clop

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English[edit]

Etymology[edit]

Perhaps from German or Dutch kloppen (to hit, knock), from Middle Dutch cloppen (to make a clopping sound), of onomatopoeic origin. See also clap.

Pronunciation[edit]

Noun[edit]

clop (plural clops)

  1. (onomatopoeia) The sound of a horse's shod hoof striking the ground.
  2. (slang) My Little Pony-themed pornography

Derived terms[edit]

Translations[edit]

Verb[edit]

clop (third-person singular simple present clops, present participle clopping, simple past and past participle clopped)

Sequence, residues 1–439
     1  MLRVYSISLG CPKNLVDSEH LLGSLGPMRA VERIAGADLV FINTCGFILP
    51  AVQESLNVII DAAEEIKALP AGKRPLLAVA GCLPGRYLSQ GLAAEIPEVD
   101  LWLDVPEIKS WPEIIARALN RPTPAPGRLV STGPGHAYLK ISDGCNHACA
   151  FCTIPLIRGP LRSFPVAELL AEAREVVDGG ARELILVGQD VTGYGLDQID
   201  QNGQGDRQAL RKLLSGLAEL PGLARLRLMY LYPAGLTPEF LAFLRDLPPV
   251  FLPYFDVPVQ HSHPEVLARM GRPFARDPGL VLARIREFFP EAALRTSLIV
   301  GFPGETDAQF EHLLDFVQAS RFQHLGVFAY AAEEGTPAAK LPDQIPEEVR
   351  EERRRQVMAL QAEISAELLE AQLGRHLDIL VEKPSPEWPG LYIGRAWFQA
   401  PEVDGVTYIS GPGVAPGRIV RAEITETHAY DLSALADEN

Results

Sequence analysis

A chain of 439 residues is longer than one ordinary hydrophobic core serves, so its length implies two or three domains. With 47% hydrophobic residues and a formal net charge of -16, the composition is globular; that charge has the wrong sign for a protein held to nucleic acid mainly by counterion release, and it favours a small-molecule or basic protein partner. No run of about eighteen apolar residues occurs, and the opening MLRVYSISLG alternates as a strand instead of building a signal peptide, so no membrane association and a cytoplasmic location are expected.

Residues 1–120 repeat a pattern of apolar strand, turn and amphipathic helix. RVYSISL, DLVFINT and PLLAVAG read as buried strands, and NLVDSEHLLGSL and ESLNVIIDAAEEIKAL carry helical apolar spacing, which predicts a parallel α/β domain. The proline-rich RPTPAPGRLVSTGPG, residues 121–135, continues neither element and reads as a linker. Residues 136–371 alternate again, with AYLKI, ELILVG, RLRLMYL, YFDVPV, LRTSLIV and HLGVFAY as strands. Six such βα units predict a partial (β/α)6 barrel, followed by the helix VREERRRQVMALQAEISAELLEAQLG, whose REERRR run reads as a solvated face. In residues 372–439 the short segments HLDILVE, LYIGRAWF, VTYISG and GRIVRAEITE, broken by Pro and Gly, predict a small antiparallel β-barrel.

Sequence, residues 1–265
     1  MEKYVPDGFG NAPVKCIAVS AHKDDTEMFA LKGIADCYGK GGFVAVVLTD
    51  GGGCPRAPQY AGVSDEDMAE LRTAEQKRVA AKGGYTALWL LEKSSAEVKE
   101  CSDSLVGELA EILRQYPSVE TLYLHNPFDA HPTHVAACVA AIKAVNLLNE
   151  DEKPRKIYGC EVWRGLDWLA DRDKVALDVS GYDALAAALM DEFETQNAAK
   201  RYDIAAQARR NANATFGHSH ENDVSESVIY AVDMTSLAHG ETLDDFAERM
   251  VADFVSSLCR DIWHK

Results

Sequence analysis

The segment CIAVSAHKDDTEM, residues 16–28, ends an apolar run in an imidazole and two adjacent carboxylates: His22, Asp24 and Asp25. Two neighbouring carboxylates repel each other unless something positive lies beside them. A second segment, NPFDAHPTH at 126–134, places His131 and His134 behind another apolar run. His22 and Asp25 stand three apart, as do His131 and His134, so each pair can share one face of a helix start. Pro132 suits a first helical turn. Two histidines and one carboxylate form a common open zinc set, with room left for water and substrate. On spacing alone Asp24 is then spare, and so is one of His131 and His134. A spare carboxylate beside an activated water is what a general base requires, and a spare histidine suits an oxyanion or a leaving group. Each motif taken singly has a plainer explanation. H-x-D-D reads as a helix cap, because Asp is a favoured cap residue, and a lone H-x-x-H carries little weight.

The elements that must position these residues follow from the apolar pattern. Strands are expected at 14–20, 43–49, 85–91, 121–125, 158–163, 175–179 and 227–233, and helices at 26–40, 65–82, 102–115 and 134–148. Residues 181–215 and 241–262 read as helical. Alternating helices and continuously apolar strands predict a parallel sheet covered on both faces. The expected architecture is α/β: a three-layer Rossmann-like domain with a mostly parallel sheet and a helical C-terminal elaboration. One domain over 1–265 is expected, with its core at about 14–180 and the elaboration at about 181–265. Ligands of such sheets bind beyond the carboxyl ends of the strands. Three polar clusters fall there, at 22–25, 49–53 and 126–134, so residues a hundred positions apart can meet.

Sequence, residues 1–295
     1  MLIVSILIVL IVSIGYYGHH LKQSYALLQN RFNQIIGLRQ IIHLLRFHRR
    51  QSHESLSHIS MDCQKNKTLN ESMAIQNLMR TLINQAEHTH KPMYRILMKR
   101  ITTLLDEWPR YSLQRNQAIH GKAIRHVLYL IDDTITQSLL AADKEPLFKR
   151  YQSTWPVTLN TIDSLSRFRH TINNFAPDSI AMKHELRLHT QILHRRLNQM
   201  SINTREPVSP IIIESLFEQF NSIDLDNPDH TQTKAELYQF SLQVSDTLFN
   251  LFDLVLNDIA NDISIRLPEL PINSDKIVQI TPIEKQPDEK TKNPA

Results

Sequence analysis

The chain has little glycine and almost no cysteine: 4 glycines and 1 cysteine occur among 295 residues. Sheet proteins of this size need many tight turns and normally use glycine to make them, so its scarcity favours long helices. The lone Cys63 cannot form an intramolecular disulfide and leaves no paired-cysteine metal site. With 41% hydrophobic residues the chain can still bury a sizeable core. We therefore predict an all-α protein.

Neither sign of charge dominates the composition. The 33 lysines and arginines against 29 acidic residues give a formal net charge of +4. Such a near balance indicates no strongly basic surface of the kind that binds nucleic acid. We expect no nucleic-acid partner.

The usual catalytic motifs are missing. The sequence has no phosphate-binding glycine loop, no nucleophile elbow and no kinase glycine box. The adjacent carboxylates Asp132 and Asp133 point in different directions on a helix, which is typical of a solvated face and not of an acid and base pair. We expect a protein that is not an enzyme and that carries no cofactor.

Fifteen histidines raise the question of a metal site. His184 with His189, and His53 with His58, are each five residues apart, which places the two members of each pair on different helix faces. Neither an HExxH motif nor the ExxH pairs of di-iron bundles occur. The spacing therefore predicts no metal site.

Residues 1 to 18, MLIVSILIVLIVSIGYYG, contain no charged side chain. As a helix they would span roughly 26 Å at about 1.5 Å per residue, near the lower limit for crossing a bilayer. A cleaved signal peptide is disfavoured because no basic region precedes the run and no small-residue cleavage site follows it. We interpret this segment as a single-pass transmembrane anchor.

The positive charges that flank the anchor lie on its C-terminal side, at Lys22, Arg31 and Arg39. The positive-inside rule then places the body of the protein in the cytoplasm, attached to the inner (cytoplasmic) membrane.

1. To make this sound; to walk so as to make this sound.
    • 1959, Anthony Burgess, Beds in the East (The Malayan Trilogy), published 1972, page 569:
      Robert Loo sat and listened behind his counter, his heart aching, his eyes staring at nothing, while his brothers cheerfully clopped around, occasionally calling to the kitchen, as customers drifted somnambulistically in.

Anagrams[edit]


Old French[edit]

Etymology[edit]

From Late Latin cloppus.

Adjective[edit]

clop m (oblique and nominative feminine singular clope)

  1. hobbling; limping

Declension[edit]


Romanian[edit]

Etymology[edit]

From Hungarian kalap

Noun[edit]

clop n (plural clopuri)

  1. (Transylvania, Banat) hat

Declension[edit]